Recently, the Michigan Court of Appeals examined whether a supplier’s construction lien rights were limited by a pay-when-paid clause contained in the supplier’s contract with the general contractor. In Dubock v Copeland Paving, Inc., 216 Westlaw 1230860 (March 29, 2006), owners of a law firm filed a lawsuit against an asphalt supplier based on the alleged shortfall of asphalt used to repave the law firm’s parking lot. The supplier filed a counterclaim to foreclose on its construction lien against the owners as well as a breach of contract claim against the general contractor.

The first issues presented to the court was whether the amount of the supplier’s lien claim, which exceeded the contract price between the supplier and the general contractor, rendered the lien invalid. The owner argued that the claim of lien was overstated and vexatious because the overall contract price between the supplier and general contractor was less than the supplier’s claim of lien. However, because the owner failed to demand sworn statements and receive valid lien waivers, the court rejected the owner’s argument. In reaching its decision, the court held that MCL 570.1107 (7) specifically permits a supplier to include a time price differential in calculating its lien amount so long as that item is part of the supply contract. The time price differential was not considered a late fee and permitted the lien claimant to recover amounts that exceeded their original contract price.

In addition to challenging the lien amount, the owners contended that the supplier had no right or expectation of payment when it filed its because the contract between the supplier and the general contractor indicated that the supplier “would not get paid until Copeland (general contractor) was paid.” Commonly referred to as a pay-when-paid clause, such clauses have been uniformly upheld under Michigan law. In rejecting this argument, the court reasoned:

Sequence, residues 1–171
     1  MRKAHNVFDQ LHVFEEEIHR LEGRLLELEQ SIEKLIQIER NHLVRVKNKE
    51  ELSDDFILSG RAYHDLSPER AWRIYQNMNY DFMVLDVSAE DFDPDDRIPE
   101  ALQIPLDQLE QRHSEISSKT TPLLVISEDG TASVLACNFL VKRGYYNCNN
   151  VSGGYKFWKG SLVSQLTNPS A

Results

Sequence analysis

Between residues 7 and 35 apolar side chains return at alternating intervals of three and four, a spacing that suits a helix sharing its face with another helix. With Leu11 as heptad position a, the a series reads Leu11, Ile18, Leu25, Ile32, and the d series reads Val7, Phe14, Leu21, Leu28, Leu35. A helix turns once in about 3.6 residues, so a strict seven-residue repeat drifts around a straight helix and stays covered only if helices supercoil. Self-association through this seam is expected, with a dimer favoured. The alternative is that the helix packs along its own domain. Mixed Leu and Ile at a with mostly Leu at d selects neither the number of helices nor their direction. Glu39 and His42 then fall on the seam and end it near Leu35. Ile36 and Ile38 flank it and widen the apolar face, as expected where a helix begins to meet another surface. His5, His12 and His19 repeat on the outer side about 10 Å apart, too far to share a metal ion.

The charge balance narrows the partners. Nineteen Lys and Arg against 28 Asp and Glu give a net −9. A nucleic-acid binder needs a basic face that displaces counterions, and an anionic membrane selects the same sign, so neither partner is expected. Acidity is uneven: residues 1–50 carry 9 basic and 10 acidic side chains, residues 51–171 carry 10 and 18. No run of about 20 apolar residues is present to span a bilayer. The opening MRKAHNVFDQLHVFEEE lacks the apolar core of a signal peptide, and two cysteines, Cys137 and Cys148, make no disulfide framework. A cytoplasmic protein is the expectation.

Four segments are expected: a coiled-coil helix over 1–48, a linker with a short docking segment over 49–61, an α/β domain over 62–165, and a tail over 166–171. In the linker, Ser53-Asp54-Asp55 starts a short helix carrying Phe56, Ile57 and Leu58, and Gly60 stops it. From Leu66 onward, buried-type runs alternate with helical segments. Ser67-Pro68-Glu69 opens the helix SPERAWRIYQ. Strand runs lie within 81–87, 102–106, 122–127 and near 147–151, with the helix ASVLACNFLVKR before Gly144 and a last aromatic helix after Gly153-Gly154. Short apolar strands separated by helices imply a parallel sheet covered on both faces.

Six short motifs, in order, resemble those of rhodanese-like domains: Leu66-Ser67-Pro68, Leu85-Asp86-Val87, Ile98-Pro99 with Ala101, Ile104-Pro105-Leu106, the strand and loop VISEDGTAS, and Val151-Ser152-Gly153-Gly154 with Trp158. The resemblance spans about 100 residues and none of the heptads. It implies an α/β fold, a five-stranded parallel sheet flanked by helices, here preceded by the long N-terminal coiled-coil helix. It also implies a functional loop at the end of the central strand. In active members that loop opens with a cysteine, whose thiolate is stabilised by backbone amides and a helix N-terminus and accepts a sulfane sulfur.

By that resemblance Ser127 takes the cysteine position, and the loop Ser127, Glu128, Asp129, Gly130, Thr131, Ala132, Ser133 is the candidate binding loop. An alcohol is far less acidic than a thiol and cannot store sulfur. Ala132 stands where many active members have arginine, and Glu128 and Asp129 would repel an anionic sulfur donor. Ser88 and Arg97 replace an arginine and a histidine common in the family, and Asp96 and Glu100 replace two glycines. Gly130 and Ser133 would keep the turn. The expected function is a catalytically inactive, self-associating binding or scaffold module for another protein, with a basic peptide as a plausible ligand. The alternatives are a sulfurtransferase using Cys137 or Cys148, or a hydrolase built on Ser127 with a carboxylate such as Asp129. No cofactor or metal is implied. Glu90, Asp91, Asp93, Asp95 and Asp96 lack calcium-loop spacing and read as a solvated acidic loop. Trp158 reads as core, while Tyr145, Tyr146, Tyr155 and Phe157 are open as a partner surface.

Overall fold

Despite that such contractor’s supplier understanding inevitably exists, legislature enacted MCL 570.1107(1), which permits suppliers a lien based on the property owner’s possession of the supplier’s materials. The statute does not include the limitations urged by the (owners). Rather, the lien may be filed regardless of whether the contractor promised to pay the supplier at the time of delivery, when the owner pays the contractor, or at some other time. Accordingly, the owner’s claim is without merit.

As set forth above, the court held that the particulars of the supplier contract with the general contractor do not dictate the supplier’s lien rights against the owner.

Finally, the owner also argued that the supplier improperly pursued its lien claim against the owner when it could have obtained a judgment against the general contractor on its breach of contract claim. The court rejected this argument as well, holding that the supplier could elect which claim to pursue and which claim not to pursue. The court determined that the owner failed to appreciate the purpose and intent of Michigan’s Mechanics Lien Act which does not require the court to simultaneously examine and resolve each claim and defense. To hold otherwise, would read words into the statute that do not exist.

To add insult to injury, the owner was also faced with paying attorneys’ fees which far exceeded, and nearly doubled, the amount of the claim of lien. The awarded amount, $63,119.53, was imposed jointly and severally against the owners and their former attorney even though their lien was limited to $32,574.00. In rejecting the owners’ arguments, the court determined that counsel’s block billing was not improper such that it would invalidate the supplier’s claim of lien. The court determined that the supplier was certainly a prevailing party as contemplated by the Act and rejected the owners’ argument that the supplier unnecessarily inflated its attorneys’ fees by pursuing its lien claim against the owners instead of quickly securing summary disposition against the general contractor.

As discussed above, the court determined that the supplier was not legally required to pursue its contractual remedy over its lien remedy. The court’s decision reaffirms Michigan’s strong public policy in favor of enforcing lien rights even when alternative remedies are available.